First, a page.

No one can dispute that there is a need to overhaul the parastatals. However, selling the entire enterprise (or 3/4 of it) also hands over 3/4 (or more) of the profits, which will undoubtedly be expatriated.

    In my opinion, the parastatals and the civil service have to become divorced from the political class. There are ways to do that - if there is the political will to do whatever it takes to have efficient, functioning state enterprises. If the will is there to sell it off, there should also be the will to make it run efficiently and not use management positions to repay political favours.

    Therefore, I would suggest that the independence of the civil service should be written into the constitution.

    Promotion only from within the ranks of the civil service or parastatals, based on merit, by higher ranking civil servants would be a start.

  4. Yes, Zamtel could do with re-energising. What I don't understand though, is how is new money going to achieve that when the Zambian govt remains the biggest debtor to Zamtel?

    We saw recently what drastic measures Zesco had to resort to just to draw govt's attention to their debt.

    And if this privatisation is not well thought out, or done in bad faith, this could happen.

  5. That said, I think RB's handling of the Dora Siliya and RP issue has not been transparent enough for Zamtel's privatisation to proceed without further scrutiny.

    It is unclear who RP are, what their interest in the communications business is and in particular their interest in Zamtel. For we know, they may well turn out to be the buyers through some proxy company, after having evaluated Zamtel's assets.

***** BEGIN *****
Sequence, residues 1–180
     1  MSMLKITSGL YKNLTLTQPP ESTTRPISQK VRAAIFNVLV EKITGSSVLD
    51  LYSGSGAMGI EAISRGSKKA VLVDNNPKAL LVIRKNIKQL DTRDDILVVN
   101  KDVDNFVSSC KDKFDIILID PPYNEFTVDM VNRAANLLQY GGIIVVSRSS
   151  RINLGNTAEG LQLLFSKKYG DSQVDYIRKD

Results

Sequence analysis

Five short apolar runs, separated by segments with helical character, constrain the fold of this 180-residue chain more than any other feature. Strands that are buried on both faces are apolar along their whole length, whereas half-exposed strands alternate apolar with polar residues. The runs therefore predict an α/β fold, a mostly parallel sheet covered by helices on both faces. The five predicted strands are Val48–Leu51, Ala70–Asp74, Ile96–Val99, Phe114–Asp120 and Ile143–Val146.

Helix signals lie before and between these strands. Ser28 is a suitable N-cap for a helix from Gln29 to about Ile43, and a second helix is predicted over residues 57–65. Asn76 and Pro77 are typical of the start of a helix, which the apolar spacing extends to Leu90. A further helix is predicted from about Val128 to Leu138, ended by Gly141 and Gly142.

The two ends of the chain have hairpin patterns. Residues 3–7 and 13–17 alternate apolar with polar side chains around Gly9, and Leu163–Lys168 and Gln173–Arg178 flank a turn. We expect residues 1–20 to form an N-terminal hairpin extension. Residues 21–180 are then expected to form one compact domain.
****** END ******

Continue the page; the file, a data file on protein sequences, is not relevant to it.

The water is far too cloudy at the moment for Zamtel to be privatised just yet.

  6. It has quite a few good assets such as the fibre optic and mobile telephone network built out recently and the cause of much of the debt. If the potential investors are able to manage these assets and handle the labor and other issues successfully, it has a chance of being a good investment in the long run.

  7. Zedian,

    The approach to privatising ZAMTEL am sure will follow what we have recommended, and was agreed by the Transport Committee.

    The company will be split in two.

    Zam-Int will have the gateway and most likely will be run by a government dominated company.

    Zam-dom will be sold with GRZ retaining 25%.

    I cant see ZICTA running Zam-Int because eventually multiple gateways will emerge. Also according to the ICT Bill 2009, there's no provision there for ZICTA to own gateways. It is a pure regulator now.

    I think the ICT Bill 2009 anticipates the break-up of ZAMTEL.

    ZAMTEL cannot survive if the ICT Bill 2009 was implemented to the letter. For example, it forbids "cross subsidies" and also will ensure that the tariff rates for the gateway are "cost reflective". That is crippling for ZAMTEL.

  8. Cho,

    Magande is also expressing concern over the RP issue, as I did.

  9. It is very difficult to deduce what most Zambians presumably in influencial positions stand for. Take the two trade union leaders Mtanchalo(?) and Hikaumba of communications union and ZCTU respectively. These two guys have come out in support of the govt modalities for privatising ZAMTEL. However these two gentlemen were opposed to the liberalisation of the IG supposedly for security reasons. How I wish now that they could explain how selling 75% of ZAMTEL to a foreign investor does not raise the same security concerns. Will they be agreeable now to Zain operating its own IG since its also 70% owned by a foreigner and listed on LUSE?


  11. I have lots of respect for Yvonne Mhango's opinions on economics, but her comments on the security matters regarding Zamtel privatisation suggest on this occasion she may be out of her depths: